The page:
inbreeding

Help Support CattleToday:

A

Anonymous

I have a unregistered heifer that I had bred, but I guess didn't take because a couple of weeks after bringing her home, she bred to my bull(her father). Is this something to wory about?
 

jfont

Well-known member
Joined
Feb 2, 2004
Messages
566
Reaction score
0
Location
south central louisiana
It's not something to brag about, but I wouldn't worry about it. The first inbred calf should be fine. Now if this calf happens to be a heifer and breeds back to her grandfather, you could start running into trouble. It's not a good practice, but things happen.
 

jcarkie

Well-known member
Joined
Dec 26, 2003
Messages
1,048
Reaction score
0
Location
arkansas
if you don't want the combination take her to the vet and get her a shot to get rid of the calf. i had one bred by the neighbors bull it cost me $20 to fix it. it was worth the money. they have to be between 3 weeks and 3 months bred.
 

cherokeeruby

Well-known member
Joined
Feb 25, 2004
Messages
1,161
Reaction score
0
Location
TEXAS of course
Is it OK to breed a bull to his granddam or great granddam? We have one cow line that if we get a bull out of will want to breed to everything.

TIA

jfont":3dp69rx8 said:
It's not something to brag about, but I wouldn't worry about it. The first inbred calf should be fine. Now if this calf happens to be a heifer and breeds back to her grandfather, you could start running into trouble. It's not a good practice, but things happen.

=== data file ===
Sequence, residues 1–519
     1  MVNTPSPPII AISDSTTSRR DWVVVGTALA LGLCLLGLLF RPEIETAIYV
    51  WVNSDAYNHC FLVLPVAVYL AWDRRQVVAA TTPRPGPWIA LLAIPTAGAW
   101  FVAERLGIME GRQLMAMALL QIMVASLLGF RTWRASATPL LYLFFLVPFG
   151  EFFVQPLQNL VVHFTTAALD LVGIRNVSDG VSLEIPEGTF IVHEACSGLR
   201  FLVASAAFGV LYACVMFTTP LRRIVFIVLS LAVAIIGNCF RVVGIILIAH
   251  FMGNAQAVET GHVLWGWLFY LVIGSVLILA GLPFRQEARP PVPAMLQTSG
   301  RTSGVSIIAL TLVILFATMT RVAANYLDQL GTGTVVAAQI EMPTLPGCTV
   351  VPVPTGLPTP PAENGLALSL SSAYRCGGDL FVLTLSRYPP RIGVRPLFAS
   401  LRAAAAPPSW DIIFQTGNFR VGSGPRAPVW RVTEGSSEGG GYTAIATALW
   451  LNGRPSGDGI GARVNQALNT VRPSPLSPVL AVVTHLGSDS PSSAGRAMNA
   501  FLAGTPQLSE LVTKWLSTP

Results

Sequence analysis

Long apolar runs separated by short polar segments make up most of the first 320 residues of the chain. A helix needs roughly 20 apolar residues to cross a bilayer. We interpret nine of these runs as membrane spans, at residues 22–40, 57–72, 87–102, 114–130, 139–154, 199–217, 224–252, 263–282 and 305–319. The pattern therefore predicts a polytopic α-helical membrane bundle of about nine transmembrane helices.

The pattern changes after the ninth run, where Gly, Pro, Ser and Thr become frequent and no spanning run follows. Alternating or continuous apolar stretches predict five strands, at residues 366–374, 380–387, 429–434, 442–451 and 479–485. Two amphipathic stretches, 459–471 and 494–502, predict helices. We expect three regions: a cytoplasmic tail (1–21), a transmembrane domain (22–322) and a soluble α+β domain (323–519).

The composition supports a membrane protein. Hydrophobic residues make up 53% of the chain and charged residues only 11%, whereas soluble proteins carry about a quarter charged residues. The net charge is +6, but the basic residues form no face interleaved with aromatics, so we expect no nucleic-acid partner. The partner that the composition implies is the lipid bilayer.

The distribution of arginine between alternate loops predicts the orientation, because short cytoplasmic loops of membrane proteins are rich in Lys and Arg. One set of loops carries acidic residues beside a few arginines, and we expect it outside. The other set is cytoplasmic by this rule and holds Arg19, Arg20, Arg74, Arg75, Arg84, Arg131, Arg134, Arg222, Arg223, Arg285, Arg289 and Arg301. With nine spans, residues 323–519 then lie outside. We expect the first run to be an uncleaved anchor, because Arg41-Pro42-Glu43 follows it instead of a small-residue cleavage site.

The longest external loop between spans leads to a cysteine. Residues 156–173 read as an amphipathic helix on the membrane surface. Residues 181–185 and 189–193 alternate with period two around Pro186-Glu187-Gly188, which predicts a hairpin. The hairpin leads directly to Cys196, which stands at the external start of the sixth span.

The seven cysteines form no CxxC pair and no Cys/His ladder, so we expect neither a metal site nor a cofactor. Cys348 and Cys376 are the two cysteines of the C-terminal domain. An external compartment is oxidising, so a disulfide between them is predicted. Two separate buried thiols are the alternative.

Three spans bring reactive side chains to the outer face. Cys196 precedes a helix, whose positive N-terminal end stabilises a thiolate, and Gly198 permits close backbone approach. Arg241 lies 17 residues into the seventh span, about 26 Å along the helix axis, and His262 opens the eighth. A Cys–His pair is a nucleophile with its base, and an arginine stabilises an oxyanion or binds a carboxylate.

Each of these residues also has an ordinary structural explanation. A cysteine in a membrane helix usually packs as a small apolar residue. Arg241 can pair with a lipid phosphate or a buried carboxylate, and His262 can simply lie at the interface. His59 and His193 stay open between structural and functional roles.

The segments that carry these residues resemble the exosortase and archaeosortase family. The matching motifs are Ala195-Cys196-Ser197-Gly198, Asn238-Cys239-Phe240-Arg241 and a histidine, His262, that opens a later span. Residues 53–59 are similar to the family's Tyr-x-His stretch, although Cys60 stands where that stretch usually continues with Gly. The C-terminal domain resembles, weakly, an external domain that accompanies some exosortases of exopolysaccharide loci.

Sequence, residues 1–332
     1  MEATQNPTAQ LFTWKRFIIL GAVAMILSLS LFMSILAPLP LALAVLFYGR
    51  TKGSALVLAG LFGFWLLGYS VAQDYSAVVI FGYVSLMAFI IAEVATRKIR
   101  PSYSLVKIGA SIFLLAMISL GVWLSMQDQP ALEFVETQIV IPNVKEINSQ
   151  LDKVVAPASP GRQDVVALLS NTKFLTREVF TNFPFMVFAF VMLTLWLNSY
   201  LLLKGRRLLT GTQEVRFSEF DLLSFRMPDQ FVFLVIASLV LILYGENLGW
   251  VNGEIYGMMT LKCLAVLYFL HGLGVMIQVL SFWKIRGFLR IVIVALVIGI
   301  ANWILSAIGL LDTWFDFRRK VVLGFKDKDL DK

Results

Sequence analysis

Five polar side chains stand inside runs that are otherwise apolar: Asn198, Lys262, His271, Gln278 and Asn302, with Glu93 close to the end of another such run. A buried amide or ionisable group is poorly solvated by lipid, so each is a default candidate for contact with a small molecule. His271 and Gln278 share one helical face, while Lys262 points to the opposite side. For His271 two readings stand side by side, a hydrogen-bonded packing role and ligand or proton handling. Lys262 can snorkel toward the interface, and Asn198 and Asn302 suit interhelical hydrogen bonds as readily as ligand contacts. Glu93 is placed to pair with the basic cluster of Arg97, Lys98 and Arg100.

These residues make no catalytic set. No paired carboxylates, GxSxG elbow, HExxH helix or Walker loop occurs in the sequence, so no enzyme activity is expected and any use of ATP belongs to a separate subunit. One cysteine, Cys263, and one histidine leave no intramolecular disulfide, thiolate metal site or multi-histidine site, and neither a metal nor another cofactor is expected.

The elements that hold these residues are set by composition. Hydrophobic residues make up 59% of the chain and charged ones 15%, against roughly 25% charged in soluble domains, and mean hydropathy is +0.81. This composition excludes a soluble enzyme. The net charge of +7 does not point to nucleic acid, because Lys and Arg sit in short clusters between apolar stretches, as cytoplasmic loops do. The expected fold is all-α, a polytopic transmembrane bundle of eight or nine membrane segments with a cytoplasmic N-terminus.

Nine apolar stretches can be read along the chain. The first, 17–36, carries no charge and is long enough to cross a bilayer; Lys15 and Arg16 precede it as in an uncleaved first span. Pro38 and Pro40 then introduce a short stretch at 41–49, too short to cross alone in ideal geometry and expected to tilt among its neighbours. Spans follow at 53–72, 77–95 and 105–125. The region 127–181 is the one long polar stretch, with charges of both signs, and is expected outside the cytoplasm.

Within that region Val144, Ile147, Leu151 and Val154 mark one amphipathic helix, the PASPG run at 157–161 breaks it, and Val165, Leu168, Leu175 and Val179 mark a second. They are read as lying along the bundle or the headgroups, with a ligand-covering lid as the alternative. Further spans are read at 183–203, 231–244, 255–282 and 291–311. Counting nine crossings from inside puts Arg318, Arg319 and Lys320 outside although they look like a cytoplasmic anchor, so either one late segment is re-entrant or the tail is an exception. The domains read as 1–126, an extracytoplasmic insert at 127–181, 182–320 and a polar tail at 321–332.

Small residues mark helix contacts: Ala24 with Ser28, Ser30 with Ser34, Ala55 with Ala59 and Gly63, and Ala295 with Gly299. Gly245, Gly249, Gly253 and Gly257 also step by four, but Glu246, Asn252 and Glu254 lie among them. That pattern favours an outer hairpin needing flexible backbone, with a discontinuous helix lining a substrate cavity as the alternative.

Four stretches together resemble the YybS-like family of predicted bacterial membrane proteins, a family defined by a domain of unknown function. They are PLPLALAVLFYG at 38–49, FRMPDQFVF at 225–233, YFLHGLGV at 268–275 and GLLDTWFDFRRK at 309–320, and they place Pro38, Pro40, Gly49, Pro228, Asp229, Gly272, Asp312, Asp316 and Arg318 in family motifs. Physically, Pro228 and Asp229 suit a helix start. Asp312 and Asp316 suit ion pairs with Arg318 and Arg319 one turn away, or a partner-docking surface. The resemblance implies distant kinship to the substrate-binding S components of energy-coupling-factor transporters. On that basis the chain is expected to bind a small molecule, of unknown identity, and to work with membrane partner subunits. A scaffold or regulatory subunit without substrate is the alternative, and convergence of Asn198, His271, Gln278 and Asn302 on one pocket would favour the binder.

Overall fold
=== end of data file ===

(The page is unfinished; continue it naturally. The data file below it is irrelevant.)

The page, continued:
Jake

Well-known member
Joined
Dec 20, 2003
Messages
3,783
Reaction score
20
Location
North Central Kansas
We've done similiar to Cherokee and don't have any problems. The cows we've had problems with this [ast calving season are the charlois cows but that's because the bull was more worried about getting out and runnin the neighborhood than breedin cows. Most of the ones he ignored were the old and the heifers which were out of him.
 

sidney411

Well-known member
Joined
Jun 9, 2004
Messages
2,839
Reaction score
1
Location
South Central Texas
What is the difference in breeding to daughter but not grandaughter? Do you mean the "grandaughter" resulting from breeding the bull to his daughter and getting a heifer than breeding that heifer to the grandfather bull also? Would it be the same if you bred his daughter to another bull and breed the resulting granddaughter back to the mothers sire (grandfather bull)?
 

Larry Sansom

Well-known member
Joined
Apr 13, 2004
Messages
160
Reaction score
0
Location
Hartford KY
sidney411":oapvn7y7 said:
What is the difference in breeding to daughter but not grandaughter? Do you mean the "grandaughter" resulting from breeding the bull to his daughter and getting a heifer than breeding that heifer to the grandfather bull also? Would it be the same if you bred his daughter to another bull and breed the resulting granddaughter back to the mothers sire (grandfather bull)?
Suggest you get Jim Lent's book- The basis of Linebreeding- contact him at [email protected] The "rule" is to not have over 50% of any one animal in the pedigree - Example 50% sire- 50%Dam, the next generation the 4 animals are adding 25% each to the equation, then 12 1/2% .... Just add up the % each has and and you will see that an example of half brother to half sister mating is fine - and has been the success of many of the great bulls of most breeds - good example of this is EXT in the Angus. When the % goes over 50% - you can start to see problems. Line breeding is great - but it will bring out the problems as well as the goodness - so culling is Mandatory!! Jim's book starts out with a biblical example - really got my eyes opened after reading that book.